On the one hand, Beverley Roberts, 82, has to negotiate 12 stairs to get down to a basement suite in Vernon she shares with three other ladies. And that can be a struggle.
But on the other hand, said Roberts, one of her roommates loves to cook for the suite. So while she does all the cooking, the others contribute to the food bill.
Roberts collects $1,600/month Old Age Pension and pays $725 for her room in the suite, which does include a fridge in her bedroom, and a shared kitchen and bathroom. She had been living in a Vernon retirement residence but said she “couldn’t afford the high rent there anymore and was evicted.”
“I should be in a home where my meals are taken care of, and my cleaning,” said Roberts in a phone interview to discuss her situation and those of others. A situation, she said, that is only going to get worse.
“I collect $1,600 a month Old Age Pension. The cheapest place I could find to satisfy my needs was $1,700 a month.”
The retirement residence, she said, was responsible for finding her a place to live and Roberts ended up at the Schell Motel Express on 32nd Street for three months before moving into her suite.
The Schell Express and the neighbouring Belair Apartments offer temporary housing to low-income and homeless citizens through the Turning Points Collaborative Society and BC Housing. Roberts said funding for that program will expire at the end of this month, putting more people onto Vernon’s streets.
“They’re not drug addicts or alcoholics,” said Roberts. “They’re ordinary people. Some single parents with children who cannot afford housing on their salaries. The children range from pre-school to teenagers.”
All of the children, she said, have excellent behaviour and are very polite.
“Living in a motel, they have to be,” said Roberts.
BC Housing responded to queries from The Morning Star, saying the organization is aware there is a shortage of affordable housing available for people experiencing homelessness in Vernon.
“The Schell Express and Belair motels are not closing at the end of August; however, using the Schell Express and Belair motels in Vernon as accommodations for people experiencing homelessness was always a temporary measure, which first opened in 2021 during the COVID-19 pandemic to provide spaces for people without adequate shelter,” said BC Housing in a statement.
“Since then, the program has pivoted to continue to provide temporary places to stay for people experiencing or at risk of homelessness in Vernon.”
BC Housing said it’s working with Turning Points and residents of both motels to find alternative, long-term or otherwise appropriate homes for the individuals to move to.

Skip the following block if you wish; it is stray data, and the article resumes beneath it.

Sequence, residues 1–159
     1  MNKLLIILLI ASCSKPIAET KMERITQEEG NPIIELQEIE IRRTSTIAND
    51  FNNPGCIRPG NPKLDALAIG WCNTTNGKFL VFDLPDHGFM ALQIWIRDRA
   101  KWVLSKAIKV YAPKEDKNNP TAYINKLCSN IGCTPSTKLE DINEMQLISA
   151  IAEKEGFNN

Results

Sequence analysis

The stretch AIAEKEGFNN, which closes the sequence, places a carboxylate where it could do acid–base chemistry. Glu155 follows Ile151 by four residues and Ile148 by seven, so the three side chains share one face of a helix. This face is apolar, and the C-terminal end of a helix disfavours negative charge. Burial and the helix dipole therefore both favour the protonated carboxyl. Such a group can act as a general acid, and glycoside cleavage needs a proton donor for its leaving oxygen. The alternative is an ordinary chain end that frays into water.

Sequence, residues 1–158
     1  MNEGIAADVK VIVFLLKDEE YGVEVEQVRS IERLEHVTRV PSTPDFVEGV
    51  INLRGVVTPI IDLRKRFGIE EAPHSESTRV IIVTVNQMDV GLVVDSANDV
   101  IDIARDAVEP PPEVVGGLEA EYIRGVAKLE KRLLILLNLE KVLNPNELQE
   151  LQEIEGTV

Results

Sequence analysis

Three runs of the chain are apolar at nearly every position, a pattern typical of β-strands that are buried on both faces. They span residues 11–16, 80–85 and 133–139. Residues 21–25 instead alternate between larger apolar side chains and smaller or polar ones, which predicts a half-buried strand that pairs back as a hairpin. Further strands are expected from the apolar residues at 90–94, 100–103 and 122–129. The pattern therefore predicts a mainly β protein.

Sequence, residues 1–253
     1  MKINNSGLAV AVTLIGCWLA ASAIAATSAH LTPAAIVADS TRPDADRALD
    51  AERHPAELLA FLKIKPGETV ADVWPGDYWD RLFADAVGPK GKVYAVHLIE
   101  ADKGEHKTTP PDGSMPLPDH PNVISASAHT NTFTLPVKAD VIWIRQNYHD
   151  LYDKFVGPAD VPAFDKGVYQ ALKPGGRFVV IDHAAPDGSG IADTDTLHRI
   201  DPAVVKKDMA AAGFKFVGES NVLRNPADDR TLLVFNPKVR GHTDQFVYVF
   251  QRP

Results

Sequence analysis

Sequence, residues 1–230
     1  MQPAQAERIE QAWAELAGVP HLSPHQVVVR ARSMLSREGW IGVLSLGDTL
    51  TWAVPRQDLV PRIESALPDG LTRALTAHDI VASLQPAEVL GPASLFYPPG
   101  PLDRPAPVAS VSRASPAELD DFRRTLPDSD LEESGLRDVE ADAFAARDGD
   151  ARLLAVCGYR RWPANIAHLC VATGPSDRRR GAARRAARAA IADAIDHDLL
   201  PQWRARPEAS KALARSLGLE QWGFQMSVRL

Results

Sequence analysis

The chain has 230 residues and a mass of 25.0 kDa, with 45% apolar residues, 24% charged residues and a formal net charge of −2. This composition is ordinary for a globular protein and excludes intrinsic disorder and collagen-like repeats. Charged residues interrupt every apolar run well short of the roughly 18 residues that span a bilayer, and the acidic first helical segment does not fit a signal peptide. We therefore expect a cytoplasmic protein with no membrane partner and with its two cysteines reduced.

And no residents of these motels will be put out onto the street with nowhere else to go.
“BC Housing continues to work with Turning Points Collaborative Society (TPCS) on a variety of housing programs, including shelters, supportive and affordable housing in Vernon and other Interior communities. We know that temporary housing like that at the Belair and Schell motels is only one part of the housing ecosystem, which is why we have more than 510 affordable homes open or underway in Vernon.”
Turning Points said that beneficiaries of the motels program have been aware of the temporary nature of the funding.
“This programming has always intended to be a stepping stone toward a long-term housing solution, and program participants are actively seeking those solutions with the assistance of our case management teams,” said TPCS. “Should this this temporary funding come to an end, we will work closely with BC Housing and the tenants to find solutions.”
Some Vernon hotel owners have offered to rent units to the current occupants at a reasonable rate, according to TPCS.
“The housing crisis continues to be a major issue in our community and we are committed to assisting as many people as possible in their search for affordable housing,” TPCS said.
Roberts said the society is so used to the government taking care of everything, “we have forgotten how to take responsibility for this crisis on ourselves.”
“Please do what you can to help,” she said. “Have you a spare room or a basement suite? Or if you’re not wanting strangers in your home, perhaps you can donate to Turning Points so they can continue their program for another year, letting everyone stay in motels.
“Is there a soft-hearted millionaire out there?”